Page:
Ontario to Ford: Council is Supreme
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Ontario to Ford: Council is Supreme

In a press conference this afternoon, Transportation Minister Bob Chiarelli encouraged Rob Ford to work as a partner with the council and the province.

Yesterday, after city council voted to overturn Rob Ford’s decree and reinstate a previously agreed-upon plan for light rail lines with the province, the mayor dismissed the decision entirely. Speaking to reporters a few minutes after voting, he said he was “very confident” the province would continue building subways. And then he went on: “Technically, the entire meeting was irrelevant,” to audible gasps from media and councillors. (He was hustled away by staff immediately after making that statement.)

Rob Ford is destined to disappointment, it seems. In the first place, the province never had a plan to build subways—whether it goes below or above ground, what they are building on Eglinton is an LRT. If Ford manages to pull together funding for a Sheppard subway, it will not be a provincially-driven project. And in the second place, Dalton McGuinty and Transportation Minister Bob Chiarelli have moved quickly to disabuse Ford of any notion that council can be sidelined with one evening press conference.

In a press conference held this afternoon, Chiarelli made it clear that was the furthest thing from the truth.

As a former mayor, he began, “I’ve always respected the role of council as a whole to exercise their authority.” He went on to say that any transit project was of necessity a partnership, and that all parties—the TTC, council, the mayor, and the province—needed to work together to get Toronto’s transit projects past the blueprint stage and into construction. The debate Toronto has been engaged in over recent weeks is healthy, Chiarelli said, but shovels in the ground are good too. He described the plan approved by council yesterday as “very much a work in progress,” pending a report by a blue-ribbon panel that is tasked with recommending the best transit option for Sheppard. (That report must come before city council by March 21.) As for Ford’s role in helping or hindering transit plans in Toronto, Chiarelli pointed out that he had asked to meet with the mayor and his brother Doug three or four weeks ago, and that he had never received a reply. “Leave your politics at the door,” he said today, addressing everyone involved: council, Ford, and the TTC. “Further prolonged debate borders on being irresponsible.”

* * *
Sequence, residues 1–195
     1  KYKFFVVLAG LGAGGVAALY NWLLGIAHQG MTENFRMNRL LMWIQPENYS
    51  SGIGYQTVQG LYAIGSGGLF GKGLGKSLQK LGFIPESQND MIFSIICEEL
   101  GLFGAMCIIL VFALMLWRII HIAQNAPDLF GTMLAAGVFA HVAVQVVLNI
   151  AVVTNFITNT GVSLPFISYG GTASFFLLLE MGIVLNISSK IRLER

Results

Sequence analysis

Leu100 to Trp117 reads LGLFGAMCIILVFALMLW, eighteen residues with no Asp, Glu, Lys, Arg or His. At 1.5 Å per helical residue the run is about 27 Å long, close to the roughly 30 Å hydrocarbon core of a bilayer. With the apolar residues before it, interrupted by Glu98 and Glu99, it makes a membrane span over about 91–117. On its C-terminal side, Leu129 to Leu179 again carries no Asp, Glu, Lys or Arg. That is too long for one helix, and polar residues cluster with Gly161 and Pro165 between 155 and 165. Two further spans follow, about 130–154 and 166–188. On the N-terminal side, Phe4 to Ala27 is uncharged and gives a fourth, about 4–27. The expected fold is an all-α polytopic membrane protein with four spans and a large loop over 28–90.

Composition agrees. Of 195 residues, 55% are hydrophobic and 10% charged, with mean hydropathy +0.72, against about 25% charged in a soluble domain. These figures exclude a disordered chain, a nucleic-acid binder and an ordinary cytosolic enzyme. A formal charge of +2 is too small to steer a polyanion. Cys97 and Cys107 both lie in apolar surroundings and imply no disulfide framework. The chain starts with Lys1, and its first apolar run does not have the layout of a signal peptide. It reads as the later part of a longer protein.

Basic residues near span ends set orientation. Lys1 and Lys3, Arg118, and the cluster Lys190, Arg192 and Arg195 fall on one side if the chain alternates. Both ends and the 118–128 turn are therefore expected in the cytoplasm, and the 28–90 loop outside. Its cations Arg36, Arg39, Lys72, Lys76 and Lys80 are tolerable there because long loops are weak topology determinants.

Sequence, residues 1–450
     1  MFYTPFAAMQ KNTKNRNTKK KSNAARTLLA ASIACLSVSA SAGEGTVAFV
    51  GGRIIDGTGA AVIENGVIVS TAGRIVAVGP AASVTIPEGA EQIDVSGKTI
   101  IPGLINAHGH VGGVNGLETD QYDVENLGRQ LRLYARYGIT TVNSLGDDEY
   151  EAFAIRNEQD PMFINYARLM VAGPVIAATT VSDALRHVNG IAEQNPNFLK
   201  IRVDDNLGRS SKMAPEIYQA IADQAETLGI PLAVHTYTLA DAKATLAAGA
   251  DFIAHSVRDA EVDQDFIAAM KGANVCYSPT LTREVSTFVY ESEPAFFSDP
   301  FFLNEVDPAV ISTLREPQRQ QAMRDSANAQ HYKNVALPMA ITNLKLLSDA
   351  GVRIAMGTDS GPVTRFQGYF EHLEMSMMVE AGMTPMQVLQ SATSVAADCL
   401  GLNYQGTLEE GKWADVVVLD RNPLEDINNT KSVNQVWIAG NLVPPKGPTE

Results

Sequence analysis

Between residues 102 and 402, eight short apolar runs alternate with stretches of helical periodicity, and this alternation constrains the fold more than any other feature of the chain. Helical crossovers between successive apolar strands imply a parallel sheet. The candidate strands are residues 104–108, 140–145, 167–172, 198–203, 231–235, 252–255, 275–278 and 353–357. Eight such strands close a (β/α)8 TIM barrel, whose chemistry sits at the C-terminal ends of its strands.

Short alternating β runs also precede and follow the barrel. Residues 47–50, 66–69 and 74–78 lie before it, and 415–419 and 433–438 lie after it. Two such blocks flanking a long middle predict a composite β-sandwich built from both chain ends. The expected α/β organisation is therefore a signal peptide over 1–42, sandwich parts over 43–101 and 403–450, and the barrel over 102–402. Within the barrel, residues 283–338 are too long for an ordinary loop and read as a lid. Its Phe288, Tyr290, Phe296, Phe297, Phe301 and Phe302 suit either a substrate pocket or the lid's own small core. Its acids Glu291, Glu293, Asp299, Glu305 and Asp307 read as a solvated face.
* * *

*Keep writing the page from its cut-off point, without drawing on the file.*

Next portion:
The phrasing was measured (diplomatic if you are feeling charitable, waffling if not), and certainly it wasn’t as strong as some had hoped for. But Chiarelli is hampered by the very practical problem that the mayor is the city’s official representative: legislatively, the mayor is responsible for intergovernmental affairs. And right now, he doesn’t seem interested in sitting down at the table with anyone whose transit goals differ from his own. Legally, council may be supreme, and the province can confirm that all it wants, but there are a limited number of options for Queen’s Park if the mayor keeps trying to throw sand in the gears. Procedurally, there are dozens of ways the municipal administration could still try to slow things down.

All of which leaves us with this: council made a decision yesterday, and while that decision was clear, the path to implementing is still anything but.

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